Divesting Assault Breaching and Bridging Capabilities Will Hurt America’s Marines

Divesting Assault Breaching and Bridging Capabilities Will Hurt America’s Marines

The ugly truth is United States Marines no longer have the full “toolbox” of capabilities needed to conduct combined arms operations in the traditional sense.


The ugly truth is United States Marines no longer have the full “toolbox” of capabilities needed to conduct combined arms operations in the traditional sense. Aside from the ill-advised divestments in infantry, tanks, cannon artillery, assault amphibious vehicles, and aviation, the Marine Corps has jettisoned all its bridging and assault breaching capabilities. All the divestments were made to self-fund future, experimental capabilities. No reductions were mandated nor even suggested by the Department of Defense. None of the needed equipment tossed aside was directed by the Congress or others. These crippling cuts were forced upon a robust, healthy, highly adaptable Marine Corps by a narrow, dubious concept that envisioned fighting a known enemy, China’s People’s Liberation Army Navy (PLAN) in a specific location, the South China Sea region. Senior Marine leaders codified this approach in their capstone planning document Force Design 2030 (March 2020).

Force Design 2030 is a significantly flawed document that has seriously eroded the capabilities of Marines to respond quickly and effectively to any threat, anywhere. Many of the most serious flaws are pointed out in the recent article, “Our Concerns with Force Design 2030,” authored by two retired 4-star Marine Corps generals. Simply stated, Force Design 2030 poses a significant risk to national security.


The Marine Corps’ myopic fixation on the Chinese PLAN at the expense of more likely global threats is misguided and dangerous. The loss of combat capabilities needed to fight and win today and tomorrow has been repeatedly articulated by many former and retired Marines in over seventy articles, published in the local and national media during the past eight months. An area not yet fully explored is the adverse impacts of the Marine Corps’ decision to divest all bridging and assault breaching capabilities from its inventory. Bridging and breaching are not just combat multipliers. They are often the keys to winning or losing battles today and in the future.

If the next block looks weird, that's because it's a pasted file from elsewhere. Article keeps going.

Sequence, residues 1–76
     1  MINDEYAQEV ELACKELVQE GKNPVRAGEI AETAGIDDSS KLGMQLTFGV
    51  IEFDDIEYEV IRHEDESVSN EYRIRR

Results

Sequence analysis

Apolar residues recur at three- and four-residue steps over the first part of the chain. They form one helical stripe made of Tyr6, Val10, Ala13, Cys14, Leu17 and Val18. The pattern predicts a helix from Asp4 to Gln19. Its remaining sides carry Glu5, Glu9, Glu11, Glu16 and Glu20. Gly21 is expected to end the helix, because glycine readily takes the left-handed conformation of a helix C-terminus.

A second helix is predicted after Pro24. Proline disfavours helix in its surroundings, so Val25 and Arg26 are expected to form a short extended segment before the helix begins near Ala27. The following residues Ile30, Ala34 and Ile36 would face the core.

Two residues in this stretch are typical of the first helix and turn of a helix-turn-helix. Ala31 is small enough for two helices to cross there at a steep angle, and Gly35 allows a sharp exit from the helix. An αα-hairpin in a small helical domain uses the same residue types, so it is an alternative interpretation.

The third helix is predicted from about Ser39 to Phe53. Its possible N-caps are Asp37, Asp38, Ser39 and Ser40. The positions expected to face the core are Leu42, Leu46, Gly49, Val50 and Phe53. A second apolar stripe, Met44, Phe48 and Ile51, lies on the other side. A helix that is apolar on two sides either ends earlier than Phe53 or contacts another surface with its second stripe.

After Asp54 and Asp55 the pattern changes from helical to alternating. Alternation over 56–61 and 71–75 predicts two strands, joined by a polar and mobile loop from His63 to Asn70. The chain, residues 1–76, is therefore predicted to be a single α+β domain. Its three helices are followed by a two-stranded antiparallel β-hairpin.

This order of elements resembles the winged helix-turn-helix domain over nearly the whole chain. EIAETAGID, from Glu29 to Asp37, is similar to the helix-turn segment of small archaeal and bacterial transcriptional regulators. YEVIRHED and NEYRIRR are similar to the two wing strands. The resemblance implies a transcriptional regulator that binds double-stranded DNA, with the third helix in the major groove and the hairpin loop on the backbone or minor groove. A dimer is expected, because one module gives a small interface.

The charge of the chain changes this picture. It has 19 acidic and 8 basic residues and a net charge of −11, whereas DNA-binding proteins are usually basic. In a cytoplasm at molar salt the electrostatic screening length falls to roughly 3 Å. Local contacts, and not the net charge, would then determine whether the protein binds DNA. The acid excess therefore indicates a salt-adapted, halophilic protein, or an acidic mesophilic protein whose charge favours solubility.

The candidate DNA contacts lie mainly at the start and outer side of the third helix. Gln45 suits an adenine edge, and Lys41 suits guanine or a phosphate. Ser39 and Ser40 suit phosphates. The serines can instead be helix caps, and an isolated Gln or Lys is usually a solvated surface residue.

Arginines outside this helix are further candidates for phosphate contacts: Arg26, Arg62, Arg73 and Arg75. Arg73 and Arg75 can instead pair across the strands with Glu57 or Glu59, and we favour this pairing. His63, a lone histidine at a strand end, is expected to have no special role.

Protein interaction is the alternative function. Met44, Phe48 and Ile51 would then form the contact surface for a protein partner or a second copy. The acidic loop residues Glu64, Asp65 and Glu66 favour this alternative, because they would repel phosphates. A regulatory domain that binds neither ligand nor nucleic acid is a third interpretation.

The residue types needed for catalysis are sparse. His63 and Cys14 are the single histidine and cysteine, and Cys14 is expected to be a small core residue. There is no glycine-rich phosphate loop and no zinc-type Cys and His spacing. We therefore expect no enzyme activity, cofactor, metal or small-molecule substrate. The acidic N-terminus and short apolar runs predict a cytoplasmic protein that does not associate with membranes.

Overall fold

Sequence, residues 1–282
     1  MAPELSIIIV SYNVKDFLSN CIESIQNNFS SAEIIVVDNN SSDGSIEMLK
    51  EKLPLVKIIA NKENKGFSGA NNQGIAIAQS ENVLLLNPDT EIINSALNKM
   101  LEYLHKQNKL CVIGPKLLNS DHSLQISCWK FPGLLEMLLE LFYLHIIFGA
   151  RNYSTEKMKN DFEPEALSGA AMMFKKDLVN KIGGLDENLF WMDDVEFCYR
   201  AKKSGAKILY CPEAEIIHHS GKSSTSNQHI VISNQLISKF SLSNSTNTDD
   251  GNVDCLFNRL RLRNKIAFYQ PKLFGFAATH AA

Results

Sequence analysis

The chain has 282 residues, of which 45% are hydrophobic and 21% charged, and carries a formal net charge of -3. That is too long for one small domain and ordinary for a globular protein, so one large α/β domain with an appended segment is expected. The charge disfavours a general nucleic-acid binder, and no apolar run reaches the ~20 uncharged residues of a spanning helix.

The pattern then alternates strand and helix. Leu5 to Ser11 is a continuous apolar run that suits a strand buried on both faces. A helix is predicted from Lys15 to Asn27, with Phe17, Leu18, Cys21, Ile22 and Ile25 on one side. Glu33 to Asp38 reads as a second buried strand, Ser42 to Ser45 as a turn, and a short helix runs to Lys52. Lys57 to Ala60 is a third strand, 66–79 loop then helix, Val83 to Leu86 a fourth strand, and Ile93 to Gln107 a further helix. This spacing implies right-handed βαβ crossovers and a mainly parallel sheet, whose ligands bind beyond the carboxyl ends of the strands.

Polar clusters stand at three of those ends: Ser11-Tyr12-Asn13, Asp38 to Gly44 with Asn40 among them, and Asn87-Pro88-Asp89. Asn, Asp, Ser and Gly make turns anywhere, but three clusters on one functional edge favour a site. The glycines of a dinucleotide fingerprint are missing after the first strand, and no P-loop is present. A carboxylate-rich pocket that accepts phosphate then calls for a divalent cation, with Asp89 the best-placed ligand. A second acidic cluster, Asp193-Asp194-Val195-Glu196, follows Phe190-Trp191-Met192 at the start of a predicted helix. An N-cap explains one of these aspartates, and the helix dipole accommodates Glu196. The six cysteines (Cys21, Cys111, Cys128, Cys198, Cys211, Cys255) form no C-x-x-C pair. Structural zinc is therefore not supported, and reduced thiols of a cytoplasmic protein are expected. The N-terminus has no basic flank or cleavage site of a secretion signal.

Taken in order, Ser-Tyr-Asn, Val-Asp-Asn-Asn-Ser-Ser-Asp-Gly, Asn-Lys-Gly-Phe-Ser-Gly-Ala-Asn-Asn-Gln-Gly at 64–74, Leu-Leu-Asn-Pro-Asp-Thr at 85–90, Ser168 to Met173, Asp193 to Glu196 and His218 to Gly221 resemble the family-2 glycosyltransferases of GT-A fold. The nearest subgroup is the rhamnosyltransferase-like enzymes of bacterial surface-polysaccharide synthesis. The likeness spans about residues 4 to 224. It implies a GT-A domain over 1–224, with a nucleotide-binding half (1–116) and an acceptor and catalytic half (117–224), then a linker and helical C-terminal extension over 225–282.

The Marine Corps Combat Engineer Battalions and the Engineer Support Battalions have been robbed of the capabilities needed to support Marine infantry in the attack. The Combat Engineer Battalion is an essential part of every Marine Division. The Engineer Support Battalion is equally essential and organic to the Marine Logistics Groups, which provide combat service support to the entire force.

The Combat Engineer Battalion is principally focused on facilitating mobility or movement for the division, primarily the infantry. The battalion was previously manned and equipped to rapidly and effectively breach almost any obstacle, especially while under fire, and for supporting Marine infantry in a wide range of other areas, such as demolitions. Three years ago, combat engineers had armored vehicles, which can clear obstacles quicker and are much more survivable under fire than a man alone. Despite lessons learned from previous conflicts, especially from Operation Desert Storm and Operation Iraqi Freedom during which Marine Corps bridging and breaching capabilities were invaluable and saved lives, the Marine Corps has shed the personnel and equipment needed to maintain the momentum of future attacks. Combat engineers have been stripped of their organic Assault Breaching Vehicles (ABVs), which were tanks with plows and line charges for rapidly clearing obstacles and minefields. To make matters worse, the blade tanks in the tank battalions have also been lost.

The only truly available piece of equipment left in the Marine Corps inventory to breach a minefield is the entrenching tool, which is carried on the back of every marine. Sadly, almost criminally, Marines now sent to clear minefields or other obstacles will be more exposed than ever. Tanks are no longer available to provide overwatch. The loss of 67 percent of cannon artillery in the active force essentially precludes the use of artillery-delivered colored smoke and white phosphorus to obscure exposed Marines. Artillery-delivered FASCAM (Family of Scatterable Mines) will also be unavailable for covering breach operations and plugging enemy penetrations.